When is the last time you really revisited the assumptions baked into your pricing strategy?
Technology enables much finer control over how you price goods and services, which means you’ll be hearing a lot about “dynamic pricing” in the coming months. Dynamic pricing refers to the practice of updating prices based on current market demand and supply. While yield management, a form of dynamic pricing, has been practiced in industries such as airlines and hotels for years, technology is enabling a wider range of companies to adjust their prices according to market dynamics.
Upstarts and even incumbents can use dynamic pricing strategy to upturn an industry. Some industries may think they’re immune to such developments, and it might seem odd to imagine certain kinds of companies practicing dynamic pricing — seeing bananas sold with an electric price tag changing amount every few minutes would be unusual. Until it’s not.
Norms are Powerful
Pricing is not only numbers. It’s also strongly psychological and emotional. Certain norms emerge that dictate how products and services are sold in different industries. Customers come to expect those norms, whether or not they are necessarily the most economically efficient.
For instance, customers are (mostly) fine with the logic that if you fly with more luggage, you should pay more, because it’s expensive for an airline to carry all that weight. But an airline that tried to price a ticket based on the weight of the passenger would cause an uproar.
But Norms Do Change
With that said, nothing in a market economy is ever static. Companies find ways to experiment with new structures that deliver value in ways that customers didn’t even know they needed.
Many have pointed out that in the days of the early Internet (back when the word itself was capitalized), everyone said it was dangerous to use your credit card online, meet strangers in person, or get into a stranger’s car. Now we don’t think twice about using the internet to pay a stranger for a ride. Norms change.
Customer expectations change, too. Let’s stay with ride sharing. With taxis, customers were accustomed not to know what their final fare would be. At best, if local, they would have an approximate idea of the price based off of distance and time required.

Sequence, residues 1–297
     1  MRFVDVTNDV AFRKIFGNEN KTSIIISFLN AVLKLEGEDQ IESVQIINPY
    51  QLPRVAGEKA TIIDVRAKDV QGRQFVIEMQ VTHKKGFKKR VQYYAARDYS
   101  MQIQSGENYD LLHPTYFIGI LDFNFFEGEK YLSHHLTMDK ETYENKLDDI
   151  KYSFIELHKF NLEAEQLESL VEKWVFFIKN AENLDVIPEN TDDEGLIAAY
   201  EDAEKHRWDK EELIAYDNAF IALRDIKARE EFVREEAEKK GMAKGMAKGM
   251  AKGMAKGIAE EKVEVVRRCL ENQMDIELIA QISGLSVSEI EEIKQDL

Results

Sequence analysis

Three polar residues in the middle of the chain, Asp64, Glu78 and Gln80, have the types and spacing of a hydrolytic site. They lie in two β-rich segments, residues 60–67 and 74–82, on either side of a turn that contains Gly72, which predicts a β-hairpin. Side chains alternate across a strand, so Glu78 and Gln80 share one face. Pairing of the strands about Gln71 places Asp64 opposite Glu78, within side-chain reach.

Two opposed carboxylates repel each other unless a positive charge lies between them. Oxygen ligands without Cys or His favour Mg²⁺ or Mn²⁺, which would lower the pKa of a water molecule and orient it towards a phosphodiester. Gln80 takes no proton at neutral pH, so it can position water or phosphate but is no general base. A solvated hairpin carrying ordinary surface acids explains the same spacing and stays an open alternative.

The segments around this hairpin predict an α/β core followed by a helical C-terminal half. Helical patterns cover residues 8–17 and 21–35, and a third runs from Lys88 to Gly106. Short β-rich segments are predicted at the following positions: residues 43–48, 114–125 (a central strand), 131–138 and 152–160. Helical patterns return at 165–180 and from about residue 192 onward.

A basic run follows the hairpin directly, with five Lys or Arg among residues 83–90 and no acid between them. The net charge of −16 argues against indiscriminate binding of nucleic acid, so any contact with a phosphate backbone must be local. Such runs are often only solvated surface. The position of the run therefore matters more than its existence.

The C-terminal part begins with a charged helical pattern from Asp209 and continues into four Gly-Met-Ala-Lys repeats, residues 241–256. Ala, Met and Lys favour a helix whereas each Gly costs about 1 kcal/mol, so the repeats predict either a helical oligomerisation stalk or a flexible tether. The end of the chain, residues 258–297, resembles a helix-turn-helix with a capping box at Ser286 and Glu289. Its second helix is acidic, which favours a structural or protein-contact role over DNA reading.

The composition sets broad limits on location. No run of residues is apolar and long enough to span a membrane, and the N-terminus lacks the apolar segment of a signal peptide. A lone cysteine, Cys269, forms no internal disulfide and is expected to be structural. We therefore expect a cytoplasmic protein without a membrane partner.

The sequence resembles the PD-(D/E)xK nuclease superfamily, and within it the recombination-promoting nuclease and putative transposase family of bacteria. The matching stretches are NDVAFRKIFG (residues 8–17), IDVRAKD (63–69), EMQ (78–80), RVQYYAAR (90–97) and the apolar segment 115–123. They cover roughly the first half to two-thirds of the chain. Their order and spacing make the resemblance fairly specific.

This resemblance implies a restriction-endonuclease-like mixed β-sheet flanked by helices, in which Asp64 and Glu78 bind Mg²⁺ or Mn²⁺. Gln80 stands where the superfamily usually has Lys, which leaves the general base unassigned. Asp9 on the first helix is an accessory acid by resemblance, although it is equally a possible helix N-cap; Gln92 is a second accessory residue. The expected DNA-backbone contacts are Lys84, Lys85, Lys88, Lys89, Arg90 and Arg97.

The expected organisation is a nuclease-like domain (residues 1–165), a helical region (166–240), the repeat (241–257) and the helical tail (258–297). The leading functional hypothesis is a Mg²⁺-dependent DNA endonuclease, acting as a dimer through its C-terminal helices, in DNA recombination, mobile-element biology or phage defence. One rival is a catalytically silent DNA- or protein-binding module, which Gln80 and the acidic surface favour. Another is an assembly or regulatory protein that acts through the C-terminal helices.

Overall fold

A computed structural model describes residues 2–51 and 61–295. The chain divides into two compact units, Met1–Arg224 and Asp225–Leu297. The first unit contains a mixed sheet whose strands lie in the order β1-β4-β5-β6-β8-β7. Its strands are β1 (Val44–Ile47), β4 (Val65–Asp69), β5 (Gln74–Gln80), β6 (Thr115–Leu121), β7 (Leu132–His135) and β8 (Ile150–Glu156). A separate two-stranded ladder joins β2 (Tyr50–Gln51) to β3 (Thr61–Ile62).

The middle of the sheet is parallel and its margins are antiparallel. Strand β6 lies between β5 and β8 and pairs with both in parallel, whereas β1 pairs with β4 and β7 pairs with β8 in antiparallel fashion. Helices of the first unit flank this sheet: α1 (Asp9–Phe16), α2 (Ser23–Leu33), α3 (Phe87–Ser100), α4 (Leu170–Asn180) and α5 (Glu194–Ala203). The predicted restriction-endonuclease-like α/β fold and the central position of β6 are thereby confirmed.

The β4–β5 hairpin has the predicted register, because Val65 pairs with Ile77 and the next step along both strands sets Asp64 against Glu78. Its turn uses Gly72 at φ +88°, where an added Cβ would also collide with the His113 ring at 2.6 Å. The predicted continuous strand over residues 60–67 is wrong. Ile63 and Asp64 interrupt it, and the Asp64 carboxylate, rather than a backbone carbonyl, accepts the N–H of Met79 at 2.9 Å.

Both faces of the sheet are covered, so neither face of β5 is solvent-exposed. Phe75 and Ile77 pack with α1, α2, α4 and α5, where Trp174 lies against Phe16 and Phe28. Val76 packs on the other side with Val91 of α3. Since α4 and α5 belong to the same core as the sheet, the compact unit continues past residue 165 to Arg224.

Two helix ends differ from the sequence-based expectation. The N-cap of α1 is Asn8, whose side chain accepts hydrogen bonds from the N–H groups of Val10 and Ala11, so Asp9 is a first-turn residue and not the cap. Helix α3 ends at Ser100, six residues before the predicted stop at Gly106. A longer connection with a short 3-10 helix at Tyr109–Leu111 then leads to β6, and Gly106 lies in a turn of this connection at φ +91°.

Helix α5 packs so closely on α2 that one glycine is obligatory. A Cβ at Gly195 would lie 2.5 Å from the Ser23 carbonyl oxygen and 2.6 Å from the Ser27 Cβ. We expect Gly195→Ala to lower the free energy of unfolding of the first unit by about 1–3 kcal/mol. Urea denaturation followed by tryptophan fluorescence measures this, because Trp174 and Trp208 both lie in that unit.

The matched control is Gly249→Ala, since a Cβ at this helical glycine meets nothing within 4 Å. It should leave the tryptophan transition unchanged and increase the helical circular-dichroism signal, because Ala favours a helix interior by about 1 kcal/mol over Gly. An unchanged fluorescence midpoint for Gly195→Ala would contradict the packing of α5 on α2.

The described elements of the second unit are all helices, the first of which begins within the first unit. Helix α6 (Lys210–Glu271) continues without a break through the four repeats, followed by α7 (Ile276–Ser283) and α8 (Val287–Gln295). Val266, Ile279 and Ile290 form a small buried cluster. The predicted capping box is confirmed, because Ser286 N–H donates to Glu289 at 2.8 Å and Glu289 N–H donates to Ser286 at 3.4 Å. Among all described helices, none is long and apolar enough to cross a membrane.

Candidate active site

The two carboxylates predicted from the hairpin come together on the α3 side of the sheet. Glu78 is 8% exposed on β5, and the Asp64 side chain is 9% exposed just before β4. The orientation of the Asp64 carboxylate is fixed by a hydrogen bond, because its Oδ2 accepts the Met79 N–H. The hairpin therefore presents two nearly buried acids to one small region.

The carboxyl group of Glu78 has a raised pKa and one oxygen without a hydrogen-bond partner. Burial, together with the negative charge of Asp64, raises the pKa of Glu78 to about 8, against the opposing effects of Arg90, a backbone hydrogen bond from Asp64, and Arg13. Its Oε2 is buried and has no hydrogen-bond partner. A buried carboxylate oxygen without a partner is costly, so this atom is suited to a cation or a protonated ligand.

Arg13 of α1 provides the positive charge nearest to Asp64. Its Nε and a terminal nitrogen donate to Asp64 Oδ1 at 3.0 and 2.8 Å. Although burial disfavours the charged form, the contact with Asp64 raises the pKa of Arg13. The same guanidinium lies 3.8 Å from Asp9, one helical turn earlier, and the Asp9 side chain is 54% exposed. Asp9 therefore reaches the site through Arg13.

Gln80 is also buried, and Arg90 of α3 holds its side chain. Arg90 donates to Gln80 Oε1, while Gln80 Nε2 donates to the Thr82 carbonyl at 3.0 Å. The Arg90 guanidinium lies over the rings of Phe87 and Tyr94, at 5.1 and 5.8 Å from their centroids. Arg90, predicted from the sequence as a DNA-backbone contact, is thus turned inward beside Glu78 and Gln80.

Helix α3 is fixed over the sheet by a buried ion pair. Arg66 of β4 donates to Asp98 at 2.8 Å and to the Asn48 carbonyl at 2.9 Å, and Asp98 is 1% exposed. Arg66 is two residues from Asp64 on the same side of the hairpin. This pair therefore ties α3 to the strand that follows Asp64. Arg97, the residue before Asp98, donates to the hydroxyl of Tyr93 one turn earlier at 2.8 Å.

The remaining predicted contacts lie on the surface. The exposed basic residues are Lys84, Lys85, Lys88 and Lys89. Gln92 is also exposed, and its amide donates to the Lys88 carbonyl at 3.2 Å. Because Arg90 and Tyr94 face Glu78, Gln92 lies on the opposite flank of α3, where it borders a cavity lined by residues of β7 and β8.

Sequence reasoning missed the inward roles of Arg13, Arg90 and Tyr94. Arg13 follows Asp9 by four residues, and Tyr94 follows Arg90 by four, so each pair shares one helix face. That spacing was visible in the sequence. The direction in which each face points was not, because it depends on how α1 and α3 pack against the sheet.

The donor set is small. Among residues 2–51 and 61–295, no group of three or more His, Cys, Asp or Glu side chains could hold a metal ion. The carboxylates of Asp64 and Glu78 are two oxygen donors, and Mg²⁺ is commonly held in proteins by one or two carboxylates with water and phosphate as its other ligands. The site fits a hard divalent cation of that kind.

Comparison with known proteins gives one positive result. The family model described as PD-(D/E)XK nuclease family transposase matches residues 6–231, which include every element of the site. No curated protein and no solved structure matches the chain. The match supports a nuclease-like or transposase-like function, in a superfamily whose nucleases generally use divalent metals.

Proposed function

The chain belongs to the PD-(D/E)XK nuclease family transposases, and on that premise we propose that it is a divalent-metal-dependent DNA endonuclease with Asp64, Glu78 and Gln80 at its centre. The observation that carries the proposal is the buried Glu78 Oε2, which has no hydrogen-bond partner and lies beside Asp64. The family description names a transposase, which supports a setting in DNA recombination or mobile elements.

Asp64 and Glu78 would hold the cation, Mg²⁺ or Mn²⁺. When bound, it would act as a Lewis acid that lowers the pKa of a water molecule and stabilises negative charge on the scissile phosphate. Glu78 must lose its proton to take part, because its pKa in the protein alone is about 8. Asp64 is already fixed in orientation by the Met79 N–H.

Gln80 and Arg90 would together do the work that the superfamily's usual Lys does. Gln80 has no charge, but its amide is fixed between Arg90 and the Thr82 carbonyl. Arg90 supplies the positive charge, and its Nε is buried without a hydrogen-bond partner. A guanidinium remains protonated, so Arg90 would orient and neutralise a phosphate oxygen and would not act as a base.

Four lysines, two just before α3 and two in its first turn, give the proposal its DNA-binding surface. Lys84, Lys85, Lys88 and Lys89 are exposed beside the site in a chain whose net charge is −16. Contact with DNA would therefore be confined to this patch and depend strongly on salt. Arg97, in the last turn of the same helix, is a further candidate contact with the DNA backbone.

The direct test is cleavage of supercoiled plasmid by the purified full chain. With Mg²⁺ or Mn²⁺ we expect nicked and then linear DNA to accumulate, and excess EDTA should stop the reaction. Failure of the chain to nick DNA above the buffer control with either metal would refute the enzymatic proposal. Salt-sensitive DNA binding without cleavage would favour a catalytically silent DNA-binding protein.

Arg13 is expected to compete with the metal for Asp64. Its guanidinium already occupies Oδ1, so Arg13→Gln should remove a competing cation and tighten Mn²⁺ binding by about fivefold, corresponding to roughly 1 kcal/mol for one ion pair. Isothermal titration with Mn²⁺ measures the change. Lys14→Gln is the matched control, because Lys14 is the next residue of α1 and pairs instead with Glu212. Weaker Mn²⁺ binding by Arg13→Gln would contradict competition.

Lyft and Uber originally copied this, where you would only see your final price once the ride was completed. They showed how your rate would be calculated, but not the rate itself. Pricing transparency, not price transparency. Perhaps this similarity helped customers feel comfortable transitioning to online platforms.
Eventually, and pretty quietly, these companies switched to showing you the final rate at your time of purchase. That rate still includes dynamic elements, but now it’s presented so that there are no surprises at the end of your trip. Was this a customer demand? Not explicitly that I could tell. Norms, aided by technology, and nudged by innovative companies, changed.
When It Comes, Change May Be Very Fast
In many industries, it is assumed that the current pricing structure is what it always will be. What has worked in the past will surely work in the future. There are larger strategic issues at hand than pricing, a CEO might conclude.
Then Dollar Shave Club arrives and in five years it becomes a billion dollar company simply by changing what had always been a point sale into a subscription. Nearly all it took was checking the incumbents’ pricing assumptions and showing customers they could expect better.
Are You Being Proactive?
Dollar Shave Club is only one example of a new market entrant becoming wildly successful by seeing the opportunity to change the pricing structure of an entire industry. They knew that pricing is a verb, not a noun.
I was recently in Barcelona for an excellent conference put on by the Professional Pricing Society, and dynamic pricing was a topic on many people’s minds. An executive at a large Spanish brick-and-mortar retailer addressed a question about dynamic pricing in his industry by saying that while he didn’t think the time was right quite yet, he saw no reason that it wouldn’t arrive in the future.
He put it this way: technology is “onboarding without option” customers to the idea that prices will be dynamic.
Onboarding without option. I like that phrase. Changes to industries aren’t optional. If you’re not prepared for the wave, it will crash over you and leave you behind.
What are you doing to make sure that you’ll be ready? Better yet, could you be the company that leads the change?
Originally published at www.wiglafjournal.com.